„Einheit in Vielfalt“ war nicht nur der thematische rote Faden, der die Referate aus fast allen theologischen Disziplinen prägte, Einheit in Vielfalt war erlebbar unter den Wissenschaftlerinnen und Wissenschaftlern reformierter Traditionen aus fünf Kontinenten. Es ist kein Zufall, dass die Theologische Universität Debrecen zu einer Konferenz unter diesem Titel einlud: Seit dem 16 Jahrhundert pflegt Debrecen intensive Beziehungen zur reformierten Welt. Seit dem ungarischen Befreiungskampf gegen die Habsburger in den Jahren 1848-1849, als im Reformierten Kollegium Debrecen die Unabhängigkeit Ungarns von der Habsburger Monarchie proklamiert wurde, gilt einigen Magyaren die reformierte Kirche gar als „Ungarische Religion“, und Debrecen als „Calvinistisches Rom“. Wenn auch zum Ausdruck kam, dass mit diesen Begriffen durchaus politische Interessen und die „Erfindung von Tradition“ verbunden sind, so darf doch mit Recht Debrecen als eines der wichtigen Zentren des ost-mitteleuropäischen Calvinismus gelten.
A new spirit of intolerance has arisen on the Johns Hopkins University campus, and conservative Christians are the targets. The JHU student government’s vote this week to ban any hypothetical future Chick-fil-A outlet from campus because of the company owner’s support for traditional marriage, coming on the heels of the JHU Spring Fair’s censorship of a pro-life fetal-model display as “disturbing” and “triggering,” sends a clear message that students who disagree with liberal orthodoxy are not welcome on the Hopkins campus.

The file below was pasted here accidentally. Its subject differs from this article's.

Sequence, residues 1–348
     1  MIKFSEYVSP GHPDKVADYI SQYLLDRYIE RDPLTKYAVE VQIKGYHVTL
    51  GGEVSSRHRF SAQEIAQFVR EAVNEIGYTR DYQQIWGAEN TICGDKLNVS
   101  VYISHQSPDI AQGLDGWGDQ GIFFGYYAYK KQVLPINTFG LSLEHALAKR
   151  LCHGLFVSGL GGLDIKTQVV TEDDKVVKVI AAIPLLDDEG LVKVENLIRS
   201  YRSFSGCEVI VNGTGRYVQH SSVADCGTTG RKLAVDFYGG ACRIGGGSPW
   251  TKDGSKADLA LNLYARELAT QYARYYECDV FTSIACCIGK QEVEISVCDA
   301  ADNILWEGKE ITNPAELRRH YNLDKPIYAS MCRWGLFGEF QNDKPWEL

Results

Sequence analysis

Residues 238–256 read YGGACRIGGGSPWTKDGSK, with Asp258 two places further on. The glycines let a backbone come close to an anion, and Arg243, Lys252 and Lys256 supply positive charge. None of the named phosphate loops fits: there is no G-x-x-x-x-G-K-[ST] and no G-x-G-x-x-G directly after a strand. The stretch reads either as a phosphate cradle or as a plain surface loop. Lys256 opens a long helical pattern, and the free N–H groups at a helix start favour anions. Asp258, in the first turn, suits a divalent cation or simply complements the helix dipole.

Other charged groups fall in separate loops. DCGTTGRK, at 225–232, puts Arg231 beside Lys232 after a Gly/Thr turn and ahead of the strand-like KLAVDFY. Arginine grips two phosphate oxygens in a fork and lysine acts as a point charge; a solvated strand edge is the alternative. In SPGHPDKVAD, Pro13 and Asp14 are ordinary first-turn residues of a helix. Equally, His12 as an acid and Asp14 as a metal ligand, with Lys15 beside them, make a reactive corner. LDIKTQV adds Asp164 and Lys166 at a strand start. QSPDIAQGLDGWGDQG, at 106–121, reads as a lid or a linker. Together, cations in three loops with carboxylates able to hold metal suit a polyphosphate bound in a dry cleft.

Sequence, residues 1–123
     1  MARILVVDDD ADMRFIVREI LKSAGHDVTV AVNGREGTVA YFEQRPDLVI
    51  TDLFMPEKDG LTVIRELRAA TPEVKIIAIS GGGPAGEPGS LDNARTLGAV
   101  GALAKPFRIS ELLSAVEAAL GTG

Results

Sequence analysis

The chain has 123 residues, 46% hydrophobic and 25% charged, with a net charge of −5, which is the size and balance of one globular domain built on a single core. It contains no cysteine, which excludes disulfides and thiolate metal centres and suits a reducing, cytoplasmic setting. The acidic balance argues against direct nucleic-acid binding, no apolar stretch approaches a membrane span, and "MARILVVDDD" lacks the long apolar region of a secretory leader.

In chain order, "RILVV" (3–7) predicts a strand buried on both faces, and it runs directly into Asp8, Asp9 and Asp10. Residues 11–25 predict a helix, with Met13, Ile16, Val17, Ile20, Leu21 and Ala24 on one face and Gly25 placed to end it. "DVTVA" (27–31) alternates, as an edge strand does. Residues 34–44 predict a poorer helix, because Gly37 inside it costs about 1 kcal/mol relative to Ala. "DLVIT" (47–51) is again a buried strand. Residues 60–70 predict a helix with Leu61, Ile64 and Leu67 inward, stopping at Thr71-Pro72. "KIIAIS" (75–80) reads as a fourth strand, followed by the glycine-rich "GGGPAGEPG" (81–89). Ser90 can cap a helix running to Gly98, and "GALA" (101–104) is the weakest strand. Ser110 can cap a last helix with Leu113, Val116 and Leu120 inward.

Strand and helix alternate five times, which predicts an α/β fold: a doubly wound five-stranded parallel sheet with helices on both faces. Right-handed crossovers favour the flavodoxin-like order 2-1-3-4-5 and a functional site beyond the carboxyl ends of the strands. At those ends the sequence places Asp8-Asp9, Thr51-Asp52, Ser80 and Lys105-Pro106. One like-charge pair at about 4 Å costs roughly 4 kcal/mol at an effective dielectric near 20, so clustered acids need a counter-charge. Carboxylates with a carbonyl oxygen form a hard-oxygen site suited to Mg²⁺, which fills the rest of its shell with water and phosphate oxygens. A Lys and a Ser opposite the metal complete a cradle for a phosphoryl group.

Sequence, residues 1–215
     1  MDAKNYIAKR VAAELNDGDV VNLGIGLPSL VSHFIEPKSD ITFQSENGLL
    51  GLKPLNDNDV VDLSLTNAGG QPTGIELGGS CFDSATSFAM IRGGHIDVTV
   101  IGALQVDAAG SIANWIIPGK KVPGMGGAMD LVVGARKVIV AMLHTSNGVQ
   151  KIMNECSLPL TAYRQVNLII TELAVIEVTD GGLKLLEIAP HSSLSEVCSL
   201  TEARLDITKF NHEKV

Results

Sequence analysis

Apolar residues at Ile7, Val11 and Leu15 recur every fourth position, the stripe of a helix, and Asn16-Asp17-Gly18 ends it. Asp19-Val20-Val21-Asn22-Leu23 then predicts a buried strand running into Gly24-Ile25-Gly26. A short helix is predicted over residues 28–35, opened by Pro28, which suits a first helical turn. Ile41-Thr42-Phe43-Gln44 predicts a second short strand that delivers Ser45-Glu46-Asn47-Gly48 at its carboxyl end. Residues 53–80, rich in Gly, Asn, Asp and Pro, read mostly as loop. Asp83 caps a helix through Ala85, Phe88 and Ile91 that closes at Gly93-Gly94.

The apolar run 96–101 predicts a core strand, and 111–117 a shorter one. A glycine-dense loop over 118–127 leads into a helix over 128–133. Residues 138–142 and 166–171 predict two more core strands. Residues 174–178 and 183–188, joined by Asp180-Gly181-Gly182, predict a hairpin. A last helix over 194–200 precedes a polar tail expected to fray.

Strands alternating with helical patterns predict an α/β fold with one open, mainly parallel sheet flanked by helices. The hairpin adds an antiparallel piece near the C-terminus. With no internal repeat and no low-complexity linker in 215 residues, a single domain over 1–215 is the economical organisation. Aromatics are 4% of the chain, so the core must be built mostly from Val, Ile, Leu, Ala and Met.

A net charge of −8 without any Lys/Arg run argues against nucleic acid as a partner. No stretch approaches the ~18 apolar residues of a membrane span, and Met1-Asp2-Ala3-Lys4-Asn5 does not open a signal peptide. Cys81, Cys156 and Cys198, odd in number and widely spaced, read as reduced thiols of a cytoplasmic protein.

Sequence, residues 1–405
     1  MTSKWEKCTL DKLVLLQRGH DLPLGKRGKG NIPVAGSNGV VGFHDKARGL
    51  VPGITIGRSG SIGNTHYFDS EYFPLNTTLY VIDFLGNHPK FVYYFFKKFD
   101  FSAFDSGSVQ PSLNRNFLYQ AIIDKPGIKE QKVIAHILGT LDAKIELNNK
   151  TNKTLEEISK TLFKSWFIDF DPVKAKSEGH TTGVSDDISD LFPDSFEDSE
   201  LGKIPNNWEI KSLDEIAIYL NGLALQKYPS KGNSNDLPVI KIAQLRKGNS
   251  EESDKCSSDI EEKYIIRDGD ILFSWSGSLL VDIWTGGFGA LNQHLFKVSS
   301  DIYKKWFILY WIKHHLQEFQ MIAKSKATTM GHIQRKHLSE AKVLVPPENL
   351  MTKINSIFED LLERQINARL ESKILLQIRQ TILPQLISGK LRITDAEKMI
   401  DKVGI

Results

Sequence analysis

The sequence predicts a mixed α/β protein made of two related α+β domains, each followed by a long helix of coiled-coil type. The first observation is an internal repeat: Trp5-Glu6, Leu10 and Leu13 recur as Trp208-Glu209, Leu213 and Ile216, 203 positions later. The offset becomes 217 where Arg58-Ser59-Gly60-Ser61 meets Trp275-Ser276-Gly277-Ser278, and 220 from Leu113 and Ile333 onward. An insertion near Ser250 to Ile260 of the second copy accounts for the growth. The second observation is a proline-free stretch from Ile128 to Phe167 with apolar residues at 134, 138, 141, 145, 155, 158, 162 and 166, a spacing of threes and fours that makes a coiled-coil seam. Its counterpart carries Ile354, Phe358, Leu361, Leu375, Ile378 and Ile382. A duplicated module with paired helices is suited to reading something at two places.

The student government’s vote went beyond merely expressing support for same-sex marriage. The Chick-fil-A ban seeks to introduce unprecedented discrimination against companies owned by religious conservatives into the university’s contracting policies, even though only a few years ago, prominent liberals like Democratic front-runner Hillary Clinton and President Barack Obama had held the same views on marriage.
In banning Chick-fil-A from campus for “homophobia,” the JHU student government is only a short step from similarly giving the boot to socially conservative Christian, Catholic, Muslim, Orthodox, and Jewish student groups from campus, as we have seen happen at Vanderbilt University, the 23 campuses of California State University, and others throughout the country.
Etc. The laughable claims of the far left that they are opposed to inequality and unfairness is shown to be the hypocritical lie it has always been. It isn’t intolerance it hates so much but faith.